When you get older, time compresses. Whoever has this toilet tends to lean to one side!
It seems like only yesterday we replaced the toilet seats in the house with those fancy "slow closing" models. Like slow-closing drawers they are a neat feature - no more banging and slamming as our primitive ancestors did! Can you imagine what it was like to live in the 1900's? When you closed the tailgate on your minivan you actually had to reach up and close it by hand! And it made a big slamming noise, too! Not like today when you just press a button - and presto!
I digress, but a friend of mine had a used Mercedes wagon and they were trying to close the tailgate by hand and they were struggling with it. "What are you doing?" I asked. They replied, "This tailgate has always been hard to close since we bought this!" I reached up and pressed the "tailgate close" button on the bottom of the tailgate and they looked on in amazement as it slowly lowered into place. "I always wondered what that button did!" they said. Like I said before, we live in a cargo cult culture.
But anyway, today Mark announces the toilet in the master bath is "broken" as the "slow close" feature of the toilet seat no longer works. I also have to do a bit of a toilet overhaul (again) as the flapper valve sometimes leaks. Every so often, if the flapper valve doesn't seat right, the tank float switch will trigger, to top off the tank. It also needs a new flush handle, as they tend to corrode and break (even the plastic ones) in our marine environment.
It seems just a few days ago we replaced all this stuff - more than once since we lived here! They just don't make things like they used to, dagnabbit! You hear old people say that all the time. But then I realized, it has been twelve years since we rebuilt both toilets and the seats are at least five years old. Both have lasted a good long time (and arguably the seat is still functional, it is just the slow-close feature that broke). But as you get older, well, time compresses. When you are 20 years old, a decade is half your life. At age 63, well, a decade is less than 1/6th of my life and frankly, age 50 didn't seem that long ago.
When I was a kid, if something lasted a few years, it was a miracle. Now, I realize that I am driving an eight-year-old car on the original dry-rotted tires. And not long ago, eight years was far longer than I ever kept a car.
It isn't that things don't last as long as they used to (well, maybe that is partially the case) but that as I get older, time compresses, so it seems like "just yesterday" I bought something and darn it, it's broken already! Then I go back and look at the owner's manual and original receipt (another old-people thing - keeping all that crap) and realize it has been a decade or longer.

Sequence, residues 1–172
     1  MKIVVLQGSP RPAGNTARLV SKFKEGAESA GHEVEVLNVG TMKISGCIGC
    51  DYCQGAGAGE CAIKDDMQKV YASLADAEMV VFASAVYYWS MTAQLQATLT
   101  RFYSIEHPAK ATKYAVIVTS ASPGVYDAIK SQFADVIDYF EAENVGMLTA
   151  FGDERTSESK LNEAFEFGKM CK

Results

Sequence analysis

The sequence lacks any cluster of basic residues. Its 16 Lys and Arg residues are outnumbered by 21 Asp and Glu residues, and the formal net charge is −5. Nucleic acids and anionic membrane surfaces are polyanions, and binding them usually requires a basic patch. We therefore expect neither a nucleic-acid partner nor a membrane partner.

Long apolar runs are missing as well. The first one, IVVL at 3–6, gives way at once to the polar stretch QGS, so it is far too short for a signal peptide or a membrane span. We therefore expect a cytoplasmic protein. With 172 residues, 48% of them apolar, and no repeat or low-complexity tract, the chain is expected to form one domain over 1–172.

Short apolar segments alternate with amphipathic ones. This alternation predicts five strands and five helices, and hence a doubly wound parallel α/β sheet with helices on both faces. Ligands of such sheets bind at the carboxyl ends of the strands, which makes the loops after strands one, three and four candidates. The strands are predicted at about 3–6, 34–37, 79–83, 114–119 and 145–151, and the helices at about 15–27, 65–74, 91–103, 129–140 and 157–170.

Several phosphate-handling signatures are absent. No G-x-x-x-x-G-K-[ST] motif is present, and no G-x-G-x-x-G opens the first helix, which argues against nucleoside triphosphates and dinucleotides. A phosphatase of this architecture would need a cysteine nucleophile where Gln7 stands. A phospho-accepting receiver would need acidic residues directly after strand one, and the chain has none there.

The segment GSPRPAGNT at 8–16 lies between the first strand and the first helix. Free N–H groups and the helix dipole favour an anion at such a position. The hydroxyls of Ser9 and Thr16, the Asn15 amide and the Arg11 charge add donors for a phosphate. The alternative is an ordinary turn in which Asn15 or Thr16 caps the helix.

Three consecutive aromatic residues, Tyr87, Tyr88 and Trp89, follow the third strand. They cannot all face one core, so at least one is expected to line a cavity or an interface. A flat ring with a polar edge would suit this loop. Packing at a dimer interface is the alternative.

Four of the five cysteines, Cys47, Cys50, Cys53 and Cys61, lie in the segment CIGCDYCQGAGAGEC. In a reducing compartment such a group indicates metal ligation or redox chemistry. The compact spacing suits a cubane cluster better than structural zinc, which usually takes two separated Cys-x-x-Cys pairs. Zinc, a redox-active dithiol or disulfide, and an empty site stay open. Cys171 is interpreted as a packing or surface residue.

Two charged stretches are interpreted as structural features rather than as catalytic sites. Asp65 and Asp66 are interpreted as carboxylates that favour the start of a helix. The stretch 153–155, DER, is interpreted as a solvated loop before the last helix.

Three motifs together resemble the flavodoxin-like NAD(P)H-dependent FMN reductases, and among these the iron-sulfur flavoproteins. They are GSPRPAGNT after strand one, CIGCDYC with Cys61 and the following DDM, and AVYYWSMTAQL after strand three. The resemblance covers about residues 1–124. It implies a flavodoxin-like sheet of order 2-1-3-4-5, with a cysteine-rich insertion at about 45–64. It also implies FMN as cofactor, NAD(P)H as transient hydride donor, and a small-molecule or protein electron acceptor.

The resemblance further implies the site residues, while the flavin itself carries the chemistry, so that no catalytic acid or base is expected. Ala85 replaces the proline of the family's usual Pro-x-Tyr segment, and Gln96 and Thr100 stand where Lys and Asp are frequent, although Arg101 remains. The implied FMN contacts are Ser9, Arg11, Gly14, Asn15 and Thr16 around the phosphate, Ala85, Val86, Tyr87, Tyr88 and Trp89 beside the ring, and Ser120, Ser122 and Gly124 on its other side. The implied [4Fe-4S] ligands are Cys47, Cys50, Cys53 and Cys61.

A note on toilet seats: They do wear out, particularly the cheap kind. The cheapest ones are often made of wood or wood products and then painted. The paint wears off, exposing the brown wood underneath as shown in the photo above. It looks like someone shit on the seat, quite frankly. If you have this, either repaint the seat or buy a new one - they are cheap (In fact, so cheap that they can cost less than a can of spray paint!). The all-plastic kind seem to last longer. The hinge mechanisms are problematic as well - the metal ones can corrode and rust and fuse themselves solid. The plastic kind don't rust, but can get brittle and crack.
By the way, if you are selling or renting out your house, inspect the toilet seats carefully. If they look worn or faded, it is a cheap upgrade and people feel more comfortable sitting on a new seat (unused by others!) than some faded, cracked, chipped, or worn out seat. If there is a lot of lime stains in the bowl, consider replacing the toilet if you are selling - they are not that expensive and you'd be amazed at how it brightens up a bath.
And when replacing a toilet set, read the instructions carefully. They usually have an elaborate rubber or plastic washer mechanism to prevent you from over-torquing the bolts and cracking the toilet. It is kind of clever, actually. But I digress yet again.
Yes, "they don't make things like they used to" but as I noted before, in the "good old days" a solid "well-built" American car went to the junkyard in eight years or less. The idea of cars going over 100,000 miles was alien, hence most American odometers went only to five digits. "Foreign" odometers went to six digits only because kilometers were of shorter length. Today, cars are expected to routinely go well beyond 100,000 miles and last far longer than a decade.
What has changed is the mode of failure of most technology. Back in 1968, an "old car" from the early 1960's might be losing compression, have a knock in the motor, be hard to start, have a transmission issue, and of course, rusty holes all over the body. The upholstery would be shot and the paint faded. It was a "junker" and many were driven to the junkyard. A friend of mine picked up a 1962 Ford Falcon at the "landfill" in our town. Someone drove it there and left the registration and keys on the dashboard. Free car! He drove it for a few years and then drove it back to the landfill and left the keys and registration (older cars were not titled back then) on the dash and someone else drove it off the next day - blowing oil smoke the whole way, of course!
Today, what causes a car to be "junked" besides wrecks is when the repair costs exceed the resale value. So, often an expensive transmission or engine repair is enough to make people call it quits - or some esoteric electrical problem. But even then, these problems largely don't crop up until the odometer has spun well past 100K.
So maybe it isn't a matter of "they don't make 'em like they used to!" so much as as you get older, time compresses and you don't realize how much time has slipped by.
Just a thought.